History can now reveal Khrushchev wore sandals on the eventful day. It was a hot day in New York and he changed his footwear for comfort. During debate in frustration Khrushchev started pounding the table angrily with his fist when his watch fell off. He picked up his shoe and carried on shoe banging. There was no photographic evidence of the event although a fake image of Khrushchev waving a shoe (above) did quickly circulate.



John F. Kennedy (1917–1963) was the 35th President of the United States from January 1961 until his assassination in November 1963. At age 43, he became the second-youngest man to serve as president (after Theodore Roosevelt), the youngest man to be elected as U.S. president. Unlike his predecessors, Kennedy enjoyed an open relationship with the media, and JFK and Jackie Kennedy became very popular influencing fashion trends and becoming the subjects of numerous photo spreads in popular magazines. The Presidential couple invited a range of artists, writers and intellectuals to rounds of White House dinners, raising the profile of the arts in America. With a core focus on economic growth, civil liberties and equality, as well as space policy and the Cuban missile crisis, Kennedy had significant hurdles to overcome in his short tenure as President.



John F. Kennedy was officially 1.83 m (6'1".) tall and weighed approx. 172 pounds. Privately he was obsessed with his weight and always travelled with his own bathroom scales. Kennedy’s height too is not so clear. When he was 18, he stated on his passport he was 5’11” tall, then later he became 6’ until eventually as President, he became 6’1”. Although it has never been confirmed, President Kennedy may have worn elevator shoes to look taller.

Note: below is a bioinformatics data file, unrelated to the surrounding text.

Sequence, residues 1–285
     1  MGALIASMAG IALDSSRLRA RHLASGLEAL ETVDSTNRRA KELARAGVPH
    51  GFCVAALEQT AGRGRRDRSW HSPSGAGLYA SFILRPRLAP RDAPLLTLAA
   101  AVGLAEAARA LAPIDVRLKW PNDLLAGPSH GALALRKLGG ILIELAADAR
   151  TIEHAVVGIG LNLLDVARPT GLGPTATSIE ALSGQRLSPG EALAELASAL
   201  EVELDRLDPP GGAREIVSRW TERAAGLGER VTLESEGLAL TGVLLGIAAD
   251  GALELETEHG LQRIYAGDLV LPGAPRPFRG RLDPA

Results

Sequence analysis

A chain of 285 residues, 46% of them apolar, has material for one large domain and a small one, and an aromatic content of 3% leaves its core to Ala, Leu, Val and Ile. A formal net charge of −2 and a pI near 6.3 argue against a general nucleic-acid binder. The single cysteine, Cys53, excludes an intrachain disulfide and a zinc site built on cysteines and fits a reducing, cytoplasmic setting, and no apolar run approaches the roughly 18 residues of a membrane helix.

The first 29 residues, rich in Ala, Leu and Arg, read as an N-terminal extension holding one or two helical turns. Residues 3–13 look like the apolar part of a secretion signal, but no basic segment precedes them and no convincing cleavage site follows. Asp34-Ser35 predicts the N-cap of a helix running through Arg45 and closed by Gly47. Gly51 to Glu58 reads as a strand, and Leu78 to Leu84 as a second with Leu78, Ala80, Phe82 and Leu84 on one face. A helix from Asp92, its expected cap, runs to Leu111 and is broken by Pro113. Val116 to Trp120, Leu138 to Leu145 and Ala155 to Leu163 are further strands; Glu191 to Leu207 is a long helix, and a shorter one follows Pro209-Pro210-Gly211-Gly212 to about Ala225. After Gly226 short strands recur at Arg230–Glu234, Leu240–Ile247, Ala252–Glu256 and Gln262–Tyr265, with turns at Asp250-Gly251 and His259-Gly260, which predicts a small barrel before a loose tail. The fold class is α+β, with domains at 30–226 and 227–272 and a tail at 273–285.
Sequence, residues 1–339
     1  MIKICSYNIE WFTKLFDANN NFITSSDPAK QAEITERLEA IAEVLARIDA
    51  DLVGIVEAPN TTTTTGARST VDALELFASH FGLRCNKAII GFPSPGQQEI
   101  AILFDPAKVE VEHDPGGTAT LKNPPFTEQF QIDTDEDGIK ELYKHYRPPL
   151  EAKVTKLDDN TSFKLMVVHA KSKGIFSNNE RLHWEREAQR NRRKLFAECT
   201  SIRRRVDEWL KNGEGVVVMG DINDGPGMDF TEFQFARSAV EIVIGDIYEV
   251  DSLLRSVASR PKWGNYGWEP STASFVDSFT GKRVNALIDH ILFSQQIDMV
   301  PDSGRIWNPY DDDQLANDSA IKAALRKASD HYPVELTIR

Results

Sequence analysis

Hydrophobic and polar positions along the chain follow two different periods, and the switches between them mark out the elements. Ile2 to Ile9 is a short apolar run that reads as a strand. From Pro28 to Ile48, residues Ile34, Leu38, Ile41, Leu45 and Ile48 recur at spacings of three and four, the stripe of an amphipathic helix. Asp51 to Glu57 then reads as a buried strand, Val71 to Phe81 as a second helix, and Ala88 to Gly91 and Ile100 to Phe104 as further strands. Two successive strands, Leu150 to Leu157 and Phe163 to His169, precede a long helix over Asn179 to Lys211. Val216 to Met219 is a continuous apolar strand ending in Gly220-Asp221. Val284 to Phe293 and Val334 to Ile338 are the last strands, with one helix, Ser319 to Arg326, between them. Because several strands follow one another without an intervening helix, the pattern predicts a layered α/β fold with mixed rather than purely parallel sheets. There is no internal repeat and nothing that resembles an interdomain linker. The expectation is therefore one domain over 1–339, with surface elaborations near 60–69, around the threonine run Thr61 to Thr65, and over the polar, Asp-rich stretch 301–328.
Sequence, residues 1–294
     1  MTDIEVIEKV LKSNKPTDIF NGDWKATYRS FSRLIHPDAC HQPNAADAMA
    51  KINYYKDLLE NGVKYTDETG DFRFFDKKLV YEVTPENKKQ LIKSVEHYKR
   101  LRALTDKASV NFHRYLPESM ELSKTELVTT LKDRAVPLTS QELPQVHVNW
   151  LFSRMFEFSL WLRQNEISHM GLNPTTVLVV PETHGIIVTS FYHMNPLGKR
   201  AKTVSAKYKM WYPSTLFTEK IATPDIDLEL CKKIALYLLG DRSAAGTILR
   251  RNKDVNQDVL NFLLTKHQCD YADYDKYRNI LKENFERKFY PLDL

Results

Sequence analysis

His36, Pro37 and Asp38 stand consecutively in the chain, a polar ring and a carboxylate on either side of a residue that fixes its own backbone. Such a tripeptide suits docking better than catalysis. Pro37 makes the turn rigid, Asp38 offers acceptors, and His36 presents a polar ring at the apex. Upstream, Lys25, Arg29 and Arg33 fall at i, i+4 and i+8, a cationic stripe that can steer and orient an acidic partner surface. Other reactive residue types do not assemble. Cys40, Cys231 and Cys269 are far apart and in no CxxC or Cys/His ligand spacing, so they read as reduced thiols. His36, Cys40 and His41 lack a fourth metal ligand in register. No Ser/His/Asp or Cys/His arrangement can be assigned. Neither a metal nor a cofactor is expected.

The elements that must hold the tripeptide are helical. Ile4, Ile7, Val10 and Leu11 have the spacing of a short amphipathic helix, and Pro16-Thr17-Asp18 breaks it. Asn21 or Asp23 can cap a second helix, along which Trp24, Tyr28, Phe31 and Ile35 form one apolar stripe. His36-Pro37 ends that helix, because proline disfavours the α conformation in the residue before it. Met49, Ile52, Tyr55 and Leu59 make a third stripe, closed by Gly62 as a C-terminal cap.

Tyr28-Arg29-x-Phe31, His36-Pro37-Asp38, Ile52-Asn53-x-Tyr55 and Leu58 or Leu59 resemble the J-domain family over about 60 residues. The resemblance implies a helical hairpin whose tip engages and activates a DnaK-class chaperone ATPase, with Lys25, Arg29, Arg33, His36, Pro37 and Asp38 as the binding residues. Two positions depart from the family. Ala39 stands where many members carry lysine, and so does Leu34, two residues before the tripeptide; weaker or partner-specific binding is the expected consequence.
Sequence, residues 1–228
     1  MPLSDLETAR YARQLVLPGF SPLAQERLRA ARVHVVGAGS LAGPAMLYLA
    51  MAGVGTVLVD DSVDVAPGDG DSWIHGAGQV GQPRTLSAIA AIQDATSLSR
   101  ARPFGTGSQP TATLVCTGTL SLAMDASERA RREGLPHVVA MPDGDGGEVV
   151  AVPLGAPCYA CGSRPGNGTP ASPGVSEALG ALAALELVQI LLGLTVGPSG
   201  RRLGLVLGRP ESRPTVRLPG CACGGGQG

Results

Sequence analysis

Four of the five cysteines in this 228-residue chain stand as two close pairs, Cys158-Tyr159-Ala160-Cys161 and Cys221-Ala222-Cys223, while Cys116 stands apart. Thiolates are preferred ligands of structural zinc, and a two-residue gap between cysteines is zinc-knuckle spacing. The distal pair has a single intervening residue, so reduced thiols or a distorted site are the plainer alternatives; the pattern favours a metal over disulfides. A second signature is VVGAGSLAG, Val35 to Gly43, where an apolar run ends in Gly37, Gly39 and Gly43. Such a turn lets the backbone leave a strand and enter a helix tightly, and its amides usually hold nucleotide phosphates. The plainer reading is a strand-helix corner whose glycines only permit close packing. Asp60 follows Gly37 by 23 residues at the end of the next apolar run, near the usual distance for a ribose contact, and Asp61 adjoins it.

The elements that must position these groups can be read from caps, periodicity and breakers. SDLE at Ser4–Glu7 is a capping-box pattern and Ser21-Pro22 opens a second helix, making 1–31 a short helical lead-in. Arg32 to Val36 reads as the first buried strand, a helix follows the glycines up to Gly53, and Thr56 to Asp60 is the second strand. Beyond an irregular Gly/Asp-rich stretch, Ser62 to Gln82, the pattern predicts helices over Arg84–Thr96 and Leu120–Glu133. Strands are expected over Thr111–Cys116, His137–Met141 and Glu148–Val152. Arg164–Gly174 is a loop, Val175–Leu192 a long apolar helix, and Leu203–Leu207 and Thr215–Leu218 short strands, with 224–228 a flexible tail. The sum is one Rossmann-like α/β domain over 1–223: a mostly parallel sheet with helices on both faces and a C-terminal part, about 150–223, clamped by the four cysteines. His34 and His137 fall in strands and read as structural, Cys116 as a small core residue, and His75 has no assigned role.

Kennedy was also the first President not to wear a dress hat, His jackets were slim cut single breasted, with two-button fastening, ventless, and sometimes with a little shoulder padding, slim notched lapels and flapped jacket pockets. His jackets often had four cuff buttons. Best described as dapper Jack, he was often outfitted by Brook Brothers, Kennedy had two lives, as the serious politician and privately as the fun loving father and rebel rouser. During his time in office, he wore only states manly, dark blue of grey suits Usually sold colours but occasionally with a pinstripe. He wore slim cut trousers without pleats or turn-ups. His shorts were plain and always worn with slim line silk ties.



He wore size 10 D shoes and preferred classic wingtips for public duties, and off duty, he wore more fashionable casual styles. According to Rossi (1976), JFK had an affinity for smartly styled shoes and owned more than thirty-five (35) pairs. Senator Kennedy ponce confided to his Massachusetts’s shoe maker “At times I find myself in a hell of a dilemma. I like fashionable shoes, sexy looking shoes, but, in my position, I have to worry about my dammed image.”